KTU has also brought new initiatives like staff advisor mentoring, compulsory 75% attendance, summer courses to cope up if one has failed in any course and even to take a two-year break from academics for the start-up. On this part, KTU has done a tremendous improvement taking into account of giving more importance to the need of the students and a push for job creation but 75% compulsory attendance is not accepted by the student community calling this an apolitical move and a move to force students to sit inside the class.

KTU has also made practical exams internal, or that means that college will be conducting the lab exams and not the university. This move is controversial and mostly not preferred by many of them as the quality of assessments and the evaluation will be affected. This also shows that KTU values theoretical knowledge more than practical knowledge.

What Hasn’t Worked

Being a new university, they are just catching up. There are a lot of problems faced by university employees, teachers and students as well. The exams were conducted in an improper fashion, and were postponed multiple times in the first and second year. There were a lot of complaints on unsatisfactory evaluation, tough question papers and errors in the question paper.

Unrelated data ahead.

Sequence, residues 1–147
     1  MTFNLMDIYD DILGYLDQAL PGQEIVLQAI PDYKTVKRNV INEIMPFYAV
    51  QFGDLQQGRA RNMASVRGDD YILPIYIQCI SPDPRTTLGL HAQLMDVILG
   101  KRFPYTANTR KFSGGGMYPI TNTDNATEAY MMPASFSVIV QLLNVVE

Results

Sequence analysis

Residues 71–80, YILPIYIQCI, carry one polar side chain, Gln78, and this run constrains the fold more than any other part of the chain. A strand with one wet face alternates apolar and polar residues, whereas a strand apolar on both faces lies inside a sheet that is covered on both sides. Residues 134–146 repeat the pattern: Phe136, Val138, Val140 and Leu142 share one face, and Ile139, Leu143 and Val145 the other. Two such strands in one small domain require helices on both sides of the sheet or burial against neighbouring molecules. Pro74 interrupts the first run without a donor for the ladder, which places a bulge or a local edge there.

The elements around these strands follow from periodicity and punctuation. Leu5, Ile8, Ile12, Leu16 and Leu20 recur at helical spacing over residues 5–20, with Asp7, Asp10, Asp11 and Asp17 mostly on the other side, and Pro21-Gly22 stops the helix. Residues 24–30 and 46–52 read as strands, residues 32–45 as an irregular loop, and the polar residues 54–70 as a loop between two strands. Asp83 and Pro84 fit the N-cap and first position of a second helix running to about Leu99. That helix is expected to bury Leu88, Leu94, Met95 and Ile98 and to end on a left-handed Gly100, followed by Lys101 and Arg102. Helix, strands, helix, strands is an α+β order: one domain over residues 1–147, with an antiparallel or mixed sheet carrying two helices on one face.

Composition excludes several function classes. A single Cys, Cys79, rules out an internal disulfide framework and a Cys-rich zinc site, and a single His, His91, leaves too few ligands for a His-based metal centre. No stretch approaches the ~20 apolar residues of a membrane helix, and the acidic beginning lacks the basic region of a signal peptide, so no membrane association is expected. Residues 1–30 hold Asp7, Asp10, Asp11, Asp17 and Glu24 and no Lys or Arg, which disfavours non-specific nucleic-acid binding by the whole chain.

There were also rumours that the placements which used to be college-based will be pooled up. We also had seen a massive outrage on the KTU year back policy triggering massive protests from various colleges across the state. It also attracted the attention of political groups and students unions.

Students at KTU clash with the police. (Photo: Vineeth Thampi/Facebook)

Teachers always complain that the syllabus is vast and that 72 working days in a semester is not enough to finish teaching the subject and also for students to learn them. Within 72 days, there will be college fests, competitions, student activities, internal exams, lab periods, lab exams, which is stressful. The duty leave system which students could have availed for attending Inter-collegiate events has been scrapped. Despite all this, there is a hope in each and every student that all issues will be rectified as soon as possible and their future and career will never be affected by this.

As an engineering student studying in KTU, I feel that we still continue with a lot of rote learning just like we did in our school. Nothing much has changed in the engineering syllabus, as we still learn almost the same things our parents learnt. Each time I discuss something related to studies to my engineering parents, they mention that they had the same syllabus.

The updation required in the syllabus, with the passage of time has not been adopted to the fullest. The technology we learn and use is still the same as before. The teaching methods have just changed from the use of chalk and board to PowerPoint presentations which is not a complete solution. Teachers need to enforce more innovative techniques to engage in a class which can also help in the learning process and also reduce the attendance issues.

Even today, with regard to quality of education, the 50% empty seats in engineering colleges in Kerala still remain an important concern.